BANGOR, Maine — Congregation Beth Israel is as old as Moses.

The state’s oldest Jewish house of worship will celebrate its 120th anniversary at 7 p.m. Sunday with a sneak peek at a documentary made by one of its newer members.

Most organizations celebrate birthdays and mark anniversaries every 25 years. Beth Israel produced a detailed written history for its centennial.

Because Moses, the man who led his people out of slavery in Egypt, lived to be 120, celebrating 12 decades in Bangor seemed right, according to Cindy Kubetz, who helped plan Sunday’s event.

The anniversary also gave the synagogue a reason to implement a 10-year-old idea — creating an oral history of the shul, Kubetz said Thursday. That led to the idea of the 45-minute film.

Kubetz, a lifelong resident of Bangor, didn’t know much about the impact Jews had in the community before she converted to Judaism more than 20 years ago when she married Bernard Kubetz, the current synagogue president.

“When I first came to the synagogue, I didn’t know the background or the history of the people who worshipped there,” she said. “For many in the Greater Bangor community, the idea of a Jewish community was a bit foreign perhaps. But when I became involved and converted and got to know the people, it really become a very comfortable place for both myself and my family. It was easy to get behind such a great history and support the oral history and film projects.”

Rachel Wiseman, 18, of Bangor has spent more than six months interviewing many of the synagogue’s oldest members and going through old photographs at the Bangor Public Library, the Bangor Museum and History Center and members’ family albums to create the film. Brandon Gassett, 21, of Parsonsfield and a student at New England School of Communication in Bangor, has assisted her.

“The biggest challenge,” Wiseman, a 2007 graduate of Bangor High School, said last month, “has been to document recent history and to look at things I witnessed through the eyes of a historian. Our shul in the last 20 years has become fully egalitarian [with men and women sharing equal liturgical responsibilities]. That is a monumental change from when only men could conduct services and women sat separately in the balcony. To isolate the events that led to those changes has been difficult.”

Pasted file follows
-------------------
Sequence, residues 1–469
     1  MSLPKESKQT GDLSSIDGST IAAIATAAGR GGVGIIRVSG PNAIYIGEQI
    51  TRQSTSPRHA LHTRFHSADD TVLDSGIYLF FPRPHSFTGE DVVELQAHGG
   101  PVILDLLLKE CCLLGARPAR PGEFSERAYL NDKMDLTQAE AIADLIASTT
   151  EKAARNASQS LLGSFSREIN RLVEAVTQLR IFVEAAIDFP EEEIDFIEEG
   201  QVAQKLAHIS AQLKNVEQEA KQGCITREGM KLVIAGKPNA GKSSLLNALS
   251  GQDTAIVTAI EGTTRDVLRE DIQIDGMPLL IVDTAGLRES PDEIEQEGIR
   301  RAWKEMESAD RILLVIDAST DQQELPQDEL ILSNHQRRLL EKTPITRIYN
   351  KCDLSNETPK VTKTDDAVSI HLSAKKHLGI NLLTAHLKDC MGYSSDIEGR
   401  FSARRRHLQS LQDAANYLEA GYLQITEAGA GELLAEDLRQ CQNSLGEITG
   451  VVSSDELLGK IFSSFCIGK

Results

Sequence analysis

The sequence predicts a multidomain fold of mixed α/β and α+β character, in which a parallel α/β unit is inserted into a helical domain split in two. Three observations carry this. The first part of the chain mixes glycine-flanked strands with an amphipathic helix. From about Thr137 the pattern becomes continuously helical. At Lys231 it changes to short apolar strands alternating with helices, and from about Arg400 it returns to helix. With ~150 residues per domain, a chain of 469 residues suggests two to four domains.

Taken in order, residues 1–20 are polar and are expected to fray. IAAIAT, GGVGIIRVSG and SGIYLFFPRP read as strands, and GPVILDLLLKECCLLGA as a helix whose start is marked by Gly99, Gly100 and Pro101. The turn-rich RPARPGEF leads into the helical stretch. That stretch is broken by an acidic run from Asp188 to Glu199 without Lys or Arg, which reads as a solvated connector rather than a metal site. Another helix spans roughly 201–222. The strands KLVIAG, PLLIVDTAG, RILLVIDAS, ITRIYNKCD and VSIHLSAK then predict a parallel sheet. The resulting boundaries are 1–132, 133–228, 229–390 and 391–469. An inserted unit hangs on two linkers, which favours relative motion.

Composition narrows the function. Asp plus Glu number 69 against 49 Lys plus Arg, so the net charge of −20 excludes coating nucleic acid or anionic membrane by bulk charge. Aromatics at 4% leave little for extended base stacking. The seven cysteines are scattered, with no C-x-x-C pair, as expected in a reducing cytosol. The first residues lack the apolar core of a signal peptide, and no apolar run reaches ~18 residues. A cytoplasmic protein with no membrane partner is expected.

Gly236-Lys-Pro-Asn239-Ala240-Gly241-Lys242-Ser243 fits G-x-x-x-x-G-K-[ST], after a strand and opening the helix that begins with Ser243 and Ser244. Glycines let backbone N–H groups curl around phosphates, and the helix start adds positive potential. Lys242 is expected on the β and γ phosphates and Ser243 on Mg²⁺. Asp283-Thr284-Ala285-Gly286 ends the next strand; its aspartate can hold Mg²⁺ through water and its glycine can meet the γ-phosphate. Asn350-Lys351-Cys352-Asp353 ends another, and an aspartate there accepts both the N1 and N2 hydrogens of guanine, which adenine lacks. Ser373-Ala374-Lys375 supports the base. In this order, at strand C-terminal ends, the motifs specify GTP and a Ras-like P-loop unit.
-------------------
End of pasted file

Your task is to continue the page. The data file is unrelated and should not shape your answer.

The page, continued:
The then-Orthodox synagogue was founded by a group of young men in October 1888 with the formation of the Beth Israel Society. The men were European immigrants who eked out a living as peddlers and shopkeepers in a booming lumber town, according to the centennial history book published in 1988.

Beth Israel’s first synagogue on Center Street was destroyed in the 1911 fire that leveled much of the city’s downtown. The current building on York Street was built in 1913 and expanded in the 1990s. The congregation joined the Conservative Movement in the 1970s as the role of women in society was changing dramatically.

Wiseman, who moved to Bangor six years ago with her parents, Drs. Penny Lamhut and Alan Wiseman, said working on the film and the oral history project had been an “enriching” experience.

“Doing this has helped me get in touch with my Jewish identity,” said Rachel Wiseman, who will begin her freshman year at the University of Chicago this month. “It’s easy for Jewish kids in my generation to not connect with our religious and ethnic past because we are so assimilated compared to our grandparents.”

Kubetz said the film and the oral histories would be archived at the synagogue, the library, the historical society and other appropriate places. The documentary will be available later this month on DVD.

“The film takes us back to the beginning of not just Jews coming to Bangor,” Kubetz said, “but shows how life was at the turn of the 19th century for most Mainers. We want to preserve how our founders found ways to support themselves and their families and found a way to pray together.”

Speakers at Sunday’s event will include Daniel Marischin of B’nai Brith International and Norman Minsky, who was president of the congregation in 1988. Soprano Deborah Cook Marlowe, the synagogue’s former cantor, along with pianist Phillip Silver and cellist Noreen Silver will perform.

Rabbi Steven Schwarzman, the synagogue’s new spiritual leader, will be installed during the celebration.

For more information, call the synagogue at 945-3433